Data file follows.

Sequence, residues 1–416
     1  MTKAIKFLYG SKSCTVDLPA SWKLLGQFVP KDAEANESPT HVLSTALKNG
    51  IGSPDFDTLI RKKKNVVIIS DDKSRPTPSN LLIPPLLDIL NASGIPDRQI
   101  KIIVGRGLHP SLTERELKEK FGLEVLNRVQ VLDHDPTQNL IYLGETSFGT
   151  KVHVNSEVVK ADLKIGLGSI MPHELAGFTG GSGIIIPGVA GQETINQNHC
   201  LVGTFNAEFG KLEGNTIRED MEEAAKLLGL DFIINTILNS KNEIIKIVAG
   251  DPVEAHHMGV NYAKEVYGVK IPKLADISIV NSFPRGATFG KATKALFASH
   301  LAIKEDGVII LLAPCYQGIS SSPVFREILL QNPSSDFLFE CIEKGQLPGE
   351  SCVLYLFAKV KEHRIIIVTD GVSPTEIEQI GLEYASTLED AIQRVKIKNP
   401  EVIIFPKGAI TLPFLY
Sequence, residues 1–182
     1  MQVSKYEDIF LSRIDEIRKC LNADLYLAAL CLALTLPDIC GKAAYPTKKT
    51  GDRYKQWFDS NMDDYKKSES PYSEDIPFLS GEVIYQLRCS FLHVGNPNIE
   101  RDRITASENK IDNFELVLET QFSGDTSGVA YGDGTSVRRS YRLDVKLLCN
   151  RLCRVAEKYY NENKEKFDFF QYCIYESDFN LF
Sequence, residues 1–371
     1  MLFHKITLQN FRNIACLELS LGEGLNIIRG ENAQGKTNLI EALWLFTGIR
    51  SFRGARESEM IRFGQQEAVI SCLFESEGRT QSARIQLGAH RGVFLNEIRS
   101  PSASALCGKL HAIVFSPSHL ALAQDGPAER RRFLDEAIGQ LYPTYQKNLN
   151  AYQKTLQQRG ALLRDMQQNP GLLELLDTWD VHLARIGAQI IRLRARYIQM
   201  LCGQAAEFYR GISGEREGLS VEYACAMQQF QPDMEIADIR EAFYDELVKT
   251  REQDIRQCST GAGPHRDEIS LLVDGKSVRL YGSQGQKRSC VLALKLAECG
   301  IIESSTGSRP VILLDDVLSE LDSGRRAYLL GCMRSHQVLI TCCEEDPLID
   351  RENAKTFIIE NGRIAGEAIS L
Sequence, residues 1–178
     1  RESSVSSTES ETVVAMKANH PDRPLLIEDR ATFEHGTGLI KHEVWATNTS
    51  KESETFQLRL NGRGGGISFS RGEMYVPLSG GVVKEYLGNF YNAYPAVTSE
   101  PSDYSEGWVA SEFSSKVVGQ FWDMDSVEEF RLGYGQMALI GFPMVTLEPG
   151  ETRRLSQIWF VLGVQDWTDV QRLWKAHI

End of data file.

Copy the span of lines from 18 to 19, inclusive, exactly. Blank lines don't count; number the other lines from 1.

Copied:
    51  SFRGARESEM IRFGQQEAVI SCLFESEGRT QSARIQLGAH RGVFLNEIRS
   101  PSASALCGKL HAIVFSPSHL ALAQDGPAER RRFLDEAIGQ LYPTYQKNLN